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New Chair acts on court ruling NRC NEPA violations

I have noted more than once over the past 16 months that our Nuclear Regulatory Commission [NRC] has been passing out 20-year license extensions to the U.S.'s aging nuclear power reactor fleet as a matter of blanket policy without any evaluations of plant systems and integrity. Thus far, the NRC has not delayed or denied extension for any plant of any design that has requested extension. Worse, the same supposed "watchdog" agency has been routinely approving power upgrade applications as well, allowing aging plants to 'burn' higher enriched fuels which lets them operate at up to 120% of their original design capacity.

It does not take a psychic to predict that this sort of thing will inevitably end badly, perhaps resulting in one or more of our nation's most populous cities becoming a "Dead Zone" due to dangerous levels of radioactive contamination for generations. It may thus be of some comfort to the government of New York State that license renewal for the Indian Point nuke near New York City is the most pressing application that has been stopped by Allison McFarlane's decision on last week to suspend all pending licensing actions. The two Indian Point reactors (#2 and #3) reach the end of their original licensing terms in 2013 and 2015, and the state has vigorously opposed the plan due to earthquake and terrorism risks, based on the extraordinary population density in the facility's danger zone.

Details below the Fleur de Kos…

Reuters reported that the suspension was ordered by recently installed Chair Allison McFarlane - an expert on the subject of nuclear waste - in response to a ruling in June by the U.S. Court of Appeals for the District of Columbia that the Commission's "waste confidence" provisions and Temporary [Waste] Storage Rule (used to justify those 20-year operating license extensions) violate the National Environmental Policy Act [NEPA].

"In recognition of our duties under the law, we will not issue licenses dependent upon the Waste Confidence Decision or the Temporary Storage Rule until the court's remand is appropriately addressed," the order said.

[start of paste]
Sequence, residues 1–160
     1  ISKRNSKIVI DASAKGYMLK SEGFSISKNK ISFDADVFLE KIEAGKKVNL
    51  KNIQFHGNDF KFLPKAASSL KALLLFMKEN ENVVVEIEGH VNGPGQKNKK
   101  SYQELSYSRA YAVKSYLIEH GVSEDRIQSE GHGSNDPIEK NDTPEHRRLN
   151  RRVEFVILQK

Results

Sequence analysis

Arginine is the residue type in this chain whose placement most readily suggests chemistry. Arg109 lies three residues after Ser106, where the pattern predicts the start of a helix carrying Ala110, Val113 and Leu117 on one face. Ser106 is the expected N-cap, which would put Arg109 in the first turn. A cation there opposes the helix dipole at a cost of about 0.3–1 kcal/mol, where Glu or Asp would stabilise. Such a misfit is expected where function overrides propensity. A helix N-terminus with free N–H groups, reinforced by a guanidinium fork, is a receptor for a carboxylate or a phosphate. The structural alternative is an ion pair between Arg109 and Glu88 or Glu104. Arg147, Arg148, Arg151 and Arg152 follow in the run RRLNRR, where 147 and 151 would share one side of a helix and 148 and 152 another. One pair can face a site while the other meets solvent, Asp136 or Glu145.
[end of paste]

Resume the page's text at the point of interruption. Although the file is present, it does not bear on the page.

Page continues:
The suspension will affect 8 plant license renewal decisions, 9 applications for new reactor builds, 1 current operating license, and 1 early site permit.

The issue for the court was NRC's failure to conduct and file a comprehensive Environmental Impact study for the Yucca site in Nevada, so that accumulated high level waste could start being transported there from all over the country. The suit was originally brought by Aiken County [South Carolina] to force the government to go forward with the cancelled permanent high level waste storage facility. Aiken County is home to the Savanna River Site, which has served as a "temporary storage" site for tons of detritus from weapons production during the Cold War, and which is getting anxious about there being no permanent facility for that waste or the waste from power reactors in South Carolina.

Aiken County is seeking a court order to force the U.S. Nuclear Regulatory Commission to act on a long-pending license application by the U.S. Department of Energy to permanently dispose of high-level waste deep under the [Yucca] mountain.

The regulatory commission argues that it doesn't have the funding to proceed.

And it's true - NRC doesn't have the funding to conduct a 10,000-year Environmental Impact Statement on Yucca, because the Yucca project was cancelled in 2010. President Obama ended the funding that year for the project. The licensing suspension ordered by the NRC is blow-back to the power industry, having to do with on-site spent fuel storage limits. The limits were based on the law authorizing a suitable multi-thousand year repository - which was supposed to have been Yucca. Basically, the industry has hit its limit for high level waste (which represents 95% of the dangerous radioactivity generated by the nuclear fuel cycle start to finish). It's got nowhere to put it and DOE doesn't want it either because its facilities are chock full of their own high level waste.